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At The Movies:

Halloween has come and gone, but not every bump in the night received their due notice. Hollywood’s obsession with vampires is definitely not fleeting as seen in the multitude of over-exposed bloodsuckers. The newest edition from out of the coffin is director Paul Weitz’s Cirque du Freak: The Vampire’s Assistant, an adaptation of a popular children’s series.

Although the title specifies the prominence of pointy teeth creatures, the film is centered on a traveling circus-style freak show, ranging from a monkey-girl to a serpent-boy. One of the acts is John C. Reilly, who plays a 200 year-old vampire named Larten Crepsley with a knack for entertaining. He is both buffoonish and endearing as the mentor to his young assistant. His garb is blatantly over the top, sporting bright, wild orange hair and a velvet purple suit and the opposite of his nature. As an experienced vampire, he has come to terms with his existence and ever-lasting life until things go awry at a show.

The story begins with two best friends, Darren (Chris Massoglia) and Steve (Josh Hutcherson), acting on their curiosity and attending the show one evening, finding themselves enthralled by the acts, especially Reilly as Larten Crepsley, the gloomy vampire with moral values. Eventually Reilly’s character will mentor Darren, teaching him how to use his powers to avoid trouble and possibly death. These life lessons are important, as Steve seems to be taking a much different and darker path than his best friend. As the title of the film states, it is about a group of misfits who rely on each other to live a somewhat normal life. Darren, the young teenager, must adapt to this new lifestyle as a vampire assistant and member of the cirque.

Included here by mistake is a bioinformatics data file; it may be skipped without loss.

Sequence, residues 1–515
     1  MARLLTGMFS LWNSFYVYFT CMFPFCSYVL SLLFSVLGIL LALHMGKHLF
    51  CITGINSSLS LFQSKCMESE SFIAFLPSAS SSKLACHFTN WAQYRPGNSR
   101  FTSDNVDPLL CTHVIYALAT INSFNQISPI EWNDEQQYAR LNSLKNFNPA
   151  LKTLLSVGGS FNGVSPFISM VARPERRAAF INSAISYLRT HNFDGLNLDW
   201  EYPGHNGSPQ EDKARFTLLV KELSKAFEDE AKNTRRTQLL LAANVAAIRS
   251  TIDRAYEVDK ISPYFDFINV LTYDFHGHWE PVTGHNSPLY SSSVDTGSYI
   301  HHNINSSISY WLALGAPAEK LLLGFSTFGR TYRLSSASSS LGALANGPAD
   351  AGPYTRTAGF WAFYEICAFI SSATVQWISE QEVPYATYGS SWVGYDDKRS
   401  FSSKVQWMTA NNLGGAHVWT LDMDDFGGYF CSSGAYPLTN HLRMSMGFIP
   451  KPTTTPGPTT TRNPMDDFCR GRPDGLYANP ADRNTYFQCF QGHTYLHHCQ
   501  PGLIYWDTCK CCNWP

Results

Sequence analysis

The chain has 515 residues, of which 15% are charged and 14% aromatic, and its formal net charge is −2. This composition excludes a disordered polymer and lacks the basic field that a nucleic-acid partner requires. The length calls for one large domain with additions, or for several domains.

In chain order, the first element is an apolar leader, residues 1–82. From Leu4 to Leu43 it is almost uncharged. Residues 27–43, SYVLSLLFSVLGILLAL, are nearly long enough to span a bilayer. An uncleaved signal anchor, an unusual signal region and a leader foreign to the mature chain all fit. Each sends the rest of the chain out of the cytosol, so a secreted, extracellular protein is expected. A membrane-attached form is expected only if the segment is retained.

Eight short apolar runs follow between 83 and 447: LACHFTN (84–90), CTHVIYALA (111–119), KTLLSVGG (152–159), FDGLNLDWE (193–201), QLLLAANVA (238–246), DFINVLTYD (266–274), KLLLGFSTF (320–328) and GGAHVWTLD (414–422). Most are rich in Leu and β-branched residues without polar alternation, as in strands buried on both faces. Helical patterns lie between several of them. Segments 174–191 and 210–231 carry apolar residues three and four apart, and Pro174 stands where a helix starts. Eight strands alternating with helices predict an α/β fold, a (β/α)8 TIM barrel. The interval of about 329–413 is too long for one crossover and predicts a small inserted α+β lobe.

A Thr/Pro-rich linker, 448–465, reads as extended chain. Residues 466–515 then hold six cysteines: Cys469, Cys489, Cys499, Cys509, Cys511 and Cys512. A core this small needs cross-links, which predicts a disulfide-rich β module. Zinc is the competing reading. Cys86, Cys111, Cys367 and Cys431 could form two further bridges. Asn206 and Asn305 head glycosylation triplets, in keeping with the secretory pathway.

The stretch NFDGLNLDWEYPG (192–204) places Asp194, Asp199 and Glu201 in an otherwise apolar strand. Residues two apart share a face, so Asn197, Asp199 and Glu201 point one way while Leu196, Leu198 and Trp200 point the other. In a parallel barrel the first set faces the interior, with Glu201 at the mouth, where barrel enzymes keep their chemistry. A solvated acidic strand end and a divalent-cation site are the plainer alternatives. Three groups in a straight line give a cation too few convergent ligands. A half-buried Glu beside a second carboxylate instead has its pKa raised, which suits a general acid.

This film is clever and has humorous moments throughout, thanks particularly to Reilly’s acting chops, yet becomes jumbled with unrefined storylines and shallow character development. Yes, it is fun at many points but it’s very obvious that the filmmakers had a difficult time trying to combine all the plot elements of the original book series. Some fanciful scenes seem drawn out, while other important dialogue scenes seem chopped out of the final cut altogether. Cirque du Freak has some interesting special effects as well, displaying vampire special powers and freaky characters in the troupe, but again can’t sail this ship.  

The other sideshow acts, including Salma Hayek as a fortune teller/bearded lady, are entertaining and by far the best scene is the actual show the two boys attend, focusing on the crazy world of the cirque. Unfortunately, the freaks seem to become part of the backdrop as the vampire storyline takes over, wielding the film into already charted vampire drama.

Cirque du Freak: The Vampire’s Assistant endeavors to unveil a new story but instead becomes lost in the surface of it’s title, becoming a pre-packaged installment in the vampire mania.

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